3 personal loan alternatives

Borrowing isn’t always the right option. If you’re not ready to commit to a loan — or still need to build your credit — consider these three alternatives:

  1. Savings. It might mean waiting, but saving money will be the least expensive option. By setting aside money each month in a savings account, you can earn interest rather than pay it — all while developing your budgeting skills.
  2. Pay advance. A pay advance can be borrowed through a dedicated app or offered directly by your employer. And while you may have to tip if you use an app, these are cheaper and faster than personal loans if you need to cover an emergency expense.
  3. Credit cards. It will typically have a higher APR than a personal loan, but a credit card can be a good option if you need to make a small purchase. However, check the rates before you apply: Credit cards have multiple fees that can add up quickly.

Compare personal loan providers

Updated October 18th, 2019
Name Product Filter Values APR Min. Credit Score Max. Loan Amount
3.84% to 35.99%
Good to excellent credit
$100,000
Get loan offers from multiple lenders at once without affecting your credit score.
Varies by lender
Available for all credit scores
$100,000
Get a connected with a lender — or get debt advice.
6.49% to 17.99%
650
$25,000
With over 80 years of lending experience, this credit union offers personal loans for a variety of expenses.
3.99% to 35.99%
500
$100,000
Quickly compare multiple online lenders with competitive rates depending on your credit.
6.98% to 35.89%
620
$50,000
Affordable loans with two simple repayment terms and no prepayment penalties.
34% to 155% (Varies by state)
550
$10,000
Check eligibility in minutes and get a personalized quote without affecting your credit score.
6.95% to 35.89%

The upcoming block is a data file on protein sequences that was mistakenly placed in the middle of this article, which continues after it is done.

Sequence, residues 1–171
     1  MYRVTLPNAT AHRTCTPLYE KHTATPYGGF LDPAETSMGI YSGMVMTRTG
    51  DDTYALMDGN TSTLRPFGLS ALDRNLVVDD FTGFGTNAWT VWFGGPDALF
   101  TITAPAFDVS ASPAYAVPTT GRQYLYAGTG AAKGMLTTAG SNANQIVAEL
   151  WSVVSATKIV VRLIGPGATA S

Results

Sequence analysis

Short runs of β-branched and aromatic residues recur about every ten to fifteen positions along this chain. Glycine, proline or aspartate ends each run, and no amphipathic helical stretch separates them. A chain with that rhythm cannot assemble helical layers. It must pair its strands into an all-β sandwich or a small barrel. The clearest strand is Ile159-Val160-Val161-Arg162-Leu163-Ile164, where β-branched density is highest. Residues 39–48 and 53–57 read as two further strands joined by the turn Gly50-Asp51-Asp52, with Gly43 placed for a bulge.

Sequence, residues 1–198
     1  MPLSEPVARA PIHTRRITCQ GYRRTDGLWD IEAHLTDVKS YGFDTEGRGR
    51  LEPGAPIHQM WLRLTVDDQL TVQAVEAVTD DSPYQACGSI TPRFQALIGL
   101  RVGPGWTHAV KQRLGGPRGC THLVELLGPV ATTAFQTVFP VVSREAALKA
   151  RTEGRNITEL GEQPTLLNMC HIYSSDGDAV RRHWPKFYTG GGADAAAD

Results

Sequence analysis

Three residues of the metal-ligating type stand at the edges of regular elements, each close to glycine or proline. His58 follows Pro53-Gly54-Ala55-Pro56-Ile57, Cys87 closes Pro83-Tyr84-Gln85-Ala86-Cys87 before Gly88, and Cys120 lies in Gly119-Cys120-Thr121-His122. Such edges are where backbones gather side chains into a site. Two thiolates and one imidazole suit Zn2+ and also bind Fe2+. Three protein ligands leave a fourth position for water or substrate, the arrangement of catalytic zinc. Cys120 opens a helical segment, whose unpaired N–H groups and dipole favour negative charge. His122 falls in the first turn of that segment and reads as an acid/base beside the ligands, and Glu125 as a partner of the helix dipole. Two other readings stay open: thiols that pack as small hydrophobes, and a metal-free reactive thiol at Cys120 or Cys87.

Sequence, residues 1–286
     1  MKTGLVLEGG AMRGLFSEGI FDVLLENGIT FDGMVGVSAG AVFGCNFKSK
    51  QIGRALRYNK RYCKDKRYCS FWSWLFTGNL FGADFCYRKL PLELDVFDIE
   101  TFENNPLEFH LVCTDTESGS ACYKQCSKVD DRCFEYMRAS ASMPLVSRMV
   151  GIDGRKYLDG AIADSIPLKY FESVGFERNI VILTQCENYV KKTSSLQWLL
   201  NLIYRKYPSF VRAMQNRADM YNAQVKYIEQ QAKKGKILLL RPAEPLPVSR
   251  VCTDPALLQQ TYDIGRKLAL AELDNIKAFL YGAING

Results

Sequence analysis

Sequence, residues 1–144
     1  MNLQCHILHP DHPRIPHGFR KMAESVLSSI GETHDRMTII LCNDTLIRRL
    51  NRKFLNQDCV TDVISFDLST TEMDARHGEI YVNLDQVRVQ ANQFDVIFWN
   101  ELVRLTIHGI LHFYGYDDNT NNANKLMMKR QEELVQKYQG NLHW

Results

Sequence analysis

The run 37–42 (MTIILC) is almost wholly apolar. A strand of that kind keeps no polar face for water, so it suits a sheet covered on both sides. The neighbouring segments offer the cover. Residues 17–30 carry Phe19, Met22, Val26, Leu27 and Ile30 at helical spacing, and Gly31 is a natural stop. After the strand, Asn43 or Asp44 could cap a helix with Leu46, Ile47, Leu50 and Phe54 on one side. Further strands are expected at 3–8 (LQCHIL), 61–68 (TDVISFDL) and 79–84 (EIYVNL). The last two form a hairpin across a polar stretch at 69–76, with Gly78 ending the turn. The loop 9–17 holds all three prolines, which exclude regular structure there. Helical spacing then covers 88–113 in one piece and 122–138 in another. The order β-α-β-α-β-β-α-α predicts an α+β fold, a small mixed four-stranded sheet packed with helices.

640
$40,000
A peer-to-peer lender offering fair rates based on your credit score.
4.99% to 35.99%
Good to excellent credit
$100,000
Get personalized rates in minutes and then choose a loan offer from several top online lenders.
3.84% to 35.99%
550
$100,000
Get connected to competitive loan offers instantly from top online consumer lenders.
5.99% to 17.66%
680
$100,000
No fees. Multiple member perks such as community events and career coaching.

Compare up to 4 providers

Bottom line

Applying for a personal loan isn’t difficult if you prepare. And to get the best deal, learn more about personal loans so you can spot a lender that will meet your needs.

Frequently asked questions

Was this content helpful to you? No  Yes

Ask an Expert

You are about to post a question on finder.com:

  • Do not enter personal information (eg. surname, phone number, bank details) as your question will be made public
  • finder.com is a financial comparison and information service, not a bank or product provider
  • We cannot provide you with personal advice or recommendations
  • Your answer might already be waiting – check previous questions below to see if yours has already been asked

Finder.com provides guides and information on a range of products and services. Because our content is not financial advice, we suggest talking with a professional before you make any decision.

By submitting your comment or question, you agree to our Privacy and Cookies Policy and Terms of Use.

Questions and responses on finder.com are not provided, paid for or otherwise endorsed by any bank or brand. These banks and brands are not responsible for ensuring that comments are answered or accurate.

2 Responses

  1. Default Gravatar
    MarkApril 19, 2018

    I would need a 8,000. For a consultation loan. If nestle I do have a co-signer .

    • Default Gravatar
      ArnoldApril 20, 2018

      Hi Mark,

      Thanks for your inquiry

      If you think you meet the eligibility requirements, you can apply for a loan without a co-signer. However, if you think you don’t meet them you may need a co-signer to help you repay the loan if you default.

      Hope this information helps

      Cheers,
      Arnold

Go to site